He started diving n 1991 when he was in the army. “When I left the army my first job was a commercial diver. By the time I became a police officer I swore I would never dive for money again. Then I missed diving and one thing led to another and I joined our police dive team.” Smith, who is 45 and based in Nanaimo, British Columbia, is a member of the Royal Canadian Mounted Police. He instructs in re-breather diving.
Smith believes in non-stop learning. “As a diver, instructor and continual learner I firmly believe that divers should always strive to learn more. Whether it is the instructor, the book or the dives or your fellow students, you will always take away something that will make you a better diver. Shop around and make sure you look for quality instructors from reputable shops.”
There are also new experiences, such as crossing paths with wildlife. His most memorable experience under water was not with aquatic life but with a species that does more flying than swimming, although adept at both.
“I was on my surface-supplied course with the RCMP dive team and there were four of us plodding around in the muck at 40 feet of water. I am assuming there might have been pandemonium up top as they had been ordering us divers all over the place . . . We all were ordered to stop and face our lines, as the silt cleared I looked to my left and saw that the four of us were standing in line on a muddy ledge and all of us looking up at our hoses. Then, something caught my eye. In front of me appeared a Cormorant swimming past us and he kept checking over his wings to look at us. If a bird could have a stunned look, he certainly did. I then looked to the divers and noticed that everyone was staring at him swimming past us. In unison I could see these shiny helmets all turning to watch this bird swim past us. Seeing that bird in 40 feet of water trying to figure out why we were there will be etched in my mind forever.”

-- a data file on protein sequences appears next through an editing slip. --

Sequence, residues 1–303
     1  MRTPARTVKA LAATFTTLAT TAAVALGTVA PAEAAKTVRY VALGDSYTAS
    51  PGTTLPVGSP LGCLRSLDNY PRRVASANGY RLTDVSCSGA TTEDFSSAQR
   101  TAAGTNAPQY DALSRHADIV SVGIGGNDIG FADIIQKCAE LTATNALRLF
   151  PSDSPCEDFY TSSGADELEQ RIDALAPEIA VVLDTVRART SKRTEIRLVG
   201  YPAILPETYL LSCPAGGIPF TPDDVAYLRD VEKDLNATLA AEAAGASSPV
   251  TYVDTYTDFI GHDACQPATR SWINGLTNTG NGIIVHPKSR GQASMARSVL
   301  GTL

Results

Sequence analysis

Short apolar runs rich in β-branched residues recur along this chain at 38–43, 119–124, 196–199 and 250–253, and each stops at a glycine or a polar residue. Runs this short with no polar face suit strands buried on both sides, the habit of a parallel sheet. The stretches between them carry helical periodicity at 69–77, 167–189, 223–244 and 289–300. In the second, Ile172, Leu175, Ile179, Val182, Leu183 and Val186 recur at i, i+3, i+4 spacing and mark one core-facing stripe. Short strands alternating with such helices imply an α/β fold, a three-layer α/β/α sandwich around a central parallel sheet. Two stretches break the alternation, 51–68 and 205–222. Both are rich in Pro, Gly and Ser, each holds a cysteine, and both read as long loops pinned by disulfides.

Asked if he could come back as a marine species what would it be, Smith replied “A Humpback whale, I would like to travel the world, again and again!”
Picking favourite dive sites is more difficult. “This is a hard one. There are so many excellent dives for so many different reasons. Earlier this year I got to visit the Tulum caves in the Yucatan peninsula in Mexico, I am hooked and can’t wait to go back.” Dive sites on his bucket list include Bikini Atoll, Truk Lagoon and Galapagos.
Asked about who he would like to have as a dive buddy, Smith replied “Ideally it would be Bob Teather, but to dive with my son and daughter would be a dream.” The late Bob Teather was an RCMP diver and dive instructor who was a driving force in developing an RCMP dive team in British Columbia.
The military and diving also remain close to Smith’s heart. An international Security Assistance Force (ISAF) coffee mug from Afghanistan sits on his bedside table. “There is a framed report from the Illustrated London News in July 25 1914 of the first underwater photograph ever taken and how it was done, hanging above me.”